I never used it because I was recommended to look at Skyfield and it's exactly what I needed. It downloads a standard JPL ephemeris that you choose, and then just uses it from your hard drive after that. However, in order to deal with leap seconds and other time related effects, it occasionally needs to check the internet for leap second information updates, since these are arbitrary.
I don't know if Skyfield has a mode to avoid that. Actually that's a good question. If you work with a timescale that doesn't have leap seconds, I am not sure if it will run in its current version.
Both Skyfield and PyEphem Python packages have been written and are maintained by @BrandonRhodes.
I've included a simple Python script just to illustrate how Skyfield can be used. If you are comfortable with coding without curly braces, I would strongly recommend you give this a try. It's incredibly powerful and Pythonic.
This is just a starter - you need to add some better housekeeping to detect sunrises vs sunsets, and maybe a more global-type search in some cases. Actually there is some slightly tedious housekeeping necessary to make this work robustly.
note: you can turn on atmospheric refraction using the arguments in the
apparent() method. See the Skyfield API documentation for more info, and for a discussion about iterating using Skyfield methods - especially solving for times, see this helpful answer.
def alt_lonlat(lon, lat, t):
topo = earth.topos(lat, lon)
alt, az, dist = topo.at(trise).observe(sun).apparent().altaz() ## apparent() args for atmospheric refraction
from skyfield.api import load
import numpy as np
import matplotlib.pyplot as plt
import scipy.optimize as spo
data = load('de421.bsp')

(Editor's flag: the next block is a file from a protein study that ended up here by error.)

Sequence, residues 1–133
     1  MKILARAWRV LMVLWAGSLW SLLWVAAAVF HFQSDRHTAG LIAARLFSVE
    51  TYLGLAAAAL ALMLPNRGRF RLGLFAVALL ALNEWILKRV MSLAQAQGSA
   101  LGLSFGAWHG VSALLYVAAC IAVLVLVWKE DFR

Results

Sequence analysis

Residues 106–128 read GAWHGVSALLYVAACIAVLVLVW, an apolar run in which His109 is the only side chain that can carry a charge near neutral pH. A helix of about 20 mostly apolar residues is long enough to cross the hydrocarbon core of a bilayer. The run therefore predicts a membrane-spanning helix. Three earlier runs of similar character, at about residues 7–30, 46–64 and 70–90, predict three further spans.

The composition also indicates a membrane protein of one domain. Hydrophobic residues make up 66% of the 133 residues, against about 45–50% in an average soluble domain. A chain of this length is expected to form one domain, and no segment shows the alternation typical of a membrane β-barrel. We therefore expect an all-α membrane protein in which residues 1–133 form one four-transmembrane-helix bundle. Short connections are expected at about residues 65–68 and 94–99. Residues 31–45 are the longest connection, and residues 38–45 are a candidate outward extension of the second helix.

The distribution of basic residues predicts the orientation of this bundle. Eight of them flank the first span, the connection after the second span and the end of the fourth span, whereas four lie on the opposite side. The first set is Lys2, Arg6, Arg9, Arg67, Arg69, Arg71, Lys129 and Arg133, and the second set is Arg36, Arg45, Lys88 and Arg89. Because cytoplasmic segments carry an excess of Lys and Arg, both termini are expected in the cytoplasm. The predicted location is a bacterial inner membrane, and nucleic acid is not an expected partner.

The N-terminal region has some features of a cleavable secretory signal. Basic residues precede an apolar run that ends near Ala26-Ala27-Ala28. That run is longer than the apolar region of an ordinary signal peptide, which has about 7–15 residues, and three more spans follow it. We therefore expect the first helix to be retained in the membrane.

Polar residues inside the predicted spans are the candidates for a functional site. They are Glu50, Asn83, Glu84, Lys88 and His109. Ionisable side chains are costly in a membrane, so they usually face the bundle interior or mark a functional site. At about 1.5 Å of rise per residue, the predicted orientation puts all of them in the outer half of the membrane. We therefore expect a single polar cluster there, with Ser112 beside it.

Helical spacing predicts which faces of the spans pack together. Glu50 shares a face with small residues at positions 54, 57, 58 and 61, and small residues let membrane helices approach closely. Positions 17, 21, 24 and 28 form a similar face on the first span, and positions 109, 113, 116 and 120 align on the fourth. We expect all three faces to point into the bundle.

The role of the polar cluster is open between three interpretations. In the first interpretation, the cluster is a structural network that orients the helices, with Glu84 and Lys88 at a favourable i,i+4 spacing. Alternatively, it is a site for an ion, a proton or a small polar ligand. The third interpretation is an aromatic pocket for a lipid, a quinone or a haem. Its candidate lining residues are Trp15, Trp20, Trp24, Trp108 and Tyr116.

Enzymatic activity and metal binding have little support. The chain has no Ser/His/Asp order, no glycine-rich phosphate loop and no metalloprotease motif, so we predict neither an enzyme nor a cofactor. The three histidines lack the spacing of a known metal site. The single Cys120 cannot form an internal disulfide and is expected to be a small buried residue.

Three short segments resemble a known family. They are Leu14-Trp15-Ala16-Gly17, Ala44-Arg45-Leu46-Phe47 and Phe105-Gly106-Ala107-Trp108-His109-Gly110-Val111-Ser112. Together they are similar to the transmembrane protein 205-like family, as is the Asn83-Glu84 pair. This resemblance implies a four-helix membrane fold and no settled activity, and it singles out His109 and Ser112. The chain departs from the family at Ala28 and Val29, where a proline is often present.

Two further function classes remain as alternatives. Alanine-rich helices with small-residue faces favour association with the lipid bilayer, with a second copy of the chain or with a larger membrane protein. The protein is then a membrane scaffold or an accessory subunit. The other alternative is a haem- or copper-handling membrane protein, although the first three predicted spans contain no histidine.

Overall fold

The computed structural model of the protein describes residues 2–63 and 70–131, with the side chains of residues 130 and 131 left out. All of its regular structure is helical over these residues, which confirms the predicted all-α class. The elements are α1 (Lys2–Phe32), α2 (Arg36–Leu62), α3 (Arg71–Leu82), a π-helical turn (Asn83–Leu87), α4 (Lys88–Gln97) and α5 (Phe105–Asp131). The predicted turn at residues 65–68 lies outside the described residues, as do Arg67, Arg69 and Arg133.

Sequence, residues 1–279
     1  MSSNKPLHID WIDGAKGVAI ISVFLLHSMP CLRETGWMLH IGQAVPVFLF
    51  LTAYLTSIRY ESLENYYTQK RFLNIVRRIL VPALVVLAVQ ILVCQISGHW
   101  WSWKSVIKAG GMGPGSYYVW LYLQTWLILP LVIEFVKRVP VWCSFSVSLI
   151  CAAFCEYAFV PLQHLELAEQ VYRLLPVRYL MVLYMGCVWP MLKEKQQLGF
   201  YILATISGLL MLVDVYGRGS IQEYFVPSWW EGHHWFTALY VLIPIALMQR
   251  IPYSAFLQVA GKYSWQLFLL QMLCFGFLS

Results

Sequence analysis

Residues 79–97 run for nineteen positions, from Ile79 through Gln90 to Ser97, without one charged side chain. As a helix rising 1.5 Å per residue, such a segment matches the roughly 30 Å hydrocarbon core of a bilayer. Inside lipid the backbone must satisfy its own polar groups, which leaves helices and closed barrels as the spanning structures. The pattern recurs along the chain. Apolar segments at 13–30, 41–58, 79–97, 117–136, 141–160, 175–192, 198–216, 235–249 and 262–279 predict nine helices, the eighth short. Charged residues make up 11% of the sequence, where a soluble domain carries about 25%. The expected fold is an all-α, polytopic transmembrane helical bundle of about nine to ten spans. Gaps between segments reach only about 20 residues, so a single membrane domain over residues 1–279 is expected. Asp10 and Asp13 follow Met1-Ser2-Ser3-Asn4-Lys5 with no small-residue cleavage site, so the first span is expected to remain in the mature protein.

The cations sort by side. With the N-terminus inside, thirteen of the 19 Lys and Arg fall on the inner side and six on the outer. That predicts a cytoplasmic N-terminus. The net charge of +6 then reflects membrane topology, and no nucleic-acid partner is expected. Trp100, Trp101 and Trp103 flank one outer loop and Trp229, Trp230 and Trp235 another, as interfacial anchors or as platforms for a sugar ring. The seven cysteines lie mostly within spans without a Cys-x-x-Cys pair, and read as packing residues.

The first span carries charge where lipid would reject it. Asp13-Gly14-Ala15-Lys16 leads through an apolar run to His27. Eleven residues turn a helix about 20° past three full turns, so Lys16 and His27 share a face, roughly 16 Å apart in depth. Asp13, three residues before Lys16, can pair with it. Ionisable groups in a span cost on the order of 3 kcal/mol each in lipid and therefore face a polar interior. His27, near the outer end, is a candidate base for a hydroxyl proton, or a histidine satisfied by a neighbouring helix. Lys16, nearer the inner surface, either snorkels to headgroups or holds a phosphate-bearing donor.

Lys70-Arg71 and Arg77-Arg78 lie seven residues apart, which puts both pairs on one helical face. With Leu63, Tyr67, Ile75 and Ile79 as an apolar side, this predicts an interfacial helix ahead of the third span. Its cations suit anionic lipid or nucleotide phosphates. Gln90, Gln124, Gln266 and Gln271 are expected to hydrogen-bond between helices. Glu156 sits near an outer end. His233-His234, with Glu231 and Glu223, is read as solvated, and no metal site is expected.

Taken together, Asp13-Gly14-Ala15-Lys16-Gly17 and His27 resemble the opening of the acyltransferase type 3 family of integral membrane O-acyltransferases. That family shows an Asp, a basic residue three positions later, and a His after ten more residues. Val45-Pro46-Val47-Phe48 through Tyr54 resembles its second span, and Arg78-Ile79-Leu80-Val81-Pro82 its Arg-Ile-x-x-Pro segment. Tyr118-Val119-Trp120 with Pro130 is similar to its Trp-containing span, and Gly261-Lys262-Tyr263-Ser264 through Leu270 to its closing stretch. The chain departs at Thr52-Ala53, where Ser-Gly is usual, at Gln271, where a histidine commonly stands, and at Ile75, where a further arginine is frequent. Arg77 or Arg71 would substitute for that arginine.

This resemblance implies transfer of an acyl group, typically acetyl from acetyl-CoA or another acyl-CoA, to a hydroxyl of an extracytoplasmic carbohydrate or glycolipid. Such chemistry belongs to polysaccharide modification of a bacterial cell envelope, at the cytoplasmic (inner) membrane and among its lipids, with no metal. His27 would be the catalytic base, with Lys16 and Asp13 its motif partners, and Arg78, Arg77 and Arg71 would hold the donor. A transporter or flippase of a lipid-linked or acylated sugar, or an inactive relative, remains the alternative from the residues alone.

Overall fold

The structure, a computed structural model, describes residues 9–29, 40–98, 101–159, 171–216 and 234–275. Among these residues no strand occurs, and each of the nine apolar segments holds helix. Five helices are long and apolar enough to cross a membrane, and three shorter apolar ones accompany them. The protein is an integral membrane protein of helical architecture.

ts = load.timescale()
# your example: '2014-08-27', sunset = '10:00 PM', sunrise = '7:30 AM'
trise = ts.utc(2014, 8, 27, 7, 30, 0)
tset = ts.utc(2014, 8, 27, 22, 0, 0)
earth = data['earth']
sun = data['sun']
zerozero = earth.topos(0.0, 0.0) # gotta start looking somewhere!
alt, az, dist = zerozero.at(trise).observe(sun).apparent().altaz() ## apparent() args for atmospheric refraction
print "at trise, JD = ", trise.tt
print "at (0N, 0E) Sun's altitude: ", alt.degrees, "azimuth: ", az.degrees
print "at (0N, 0E) Sun's distance (km): ", dist.km
# Find points on equator where sun is on horizon (rise or set) at t=trise
limits = ((0, 180.), (180, 360.))
lonzeros = 
for a, b in limits:
answer, info = spo.brentq(alt_lonlat, a, b,
full_output = True )
print "limits ", a, b, " converged! Found longitude (deg): ", answer
print "limits ", a, b, "whaaaa?"
# make some curves
lats = np.linspace(-60, 60, 13)
longis = 
for lon0 in lonzeros:
lons = 
for lat in lats:
answer, info = spo.brentq(alt_lonlat, lon0-90, lon0+90,
full_output = True )
lons = [(lon+180)%360.-180 for lon in lons] # wraparound at +/- 180
for lons in longis:
for lons in longis:
plt.plot(lons, lats, 'ok')
plt.title("at trise, JD = " + str(trise.tt))
Answer 3: SPICE Kernels
As pointed out by @barrycarter in this comment below this answer, the JPL SPICE Kernels are available. I'm not familliar with them but it's what NASA uses so it must be pretty good :)
Here are some screenshots for London, UK (Gaisma from here):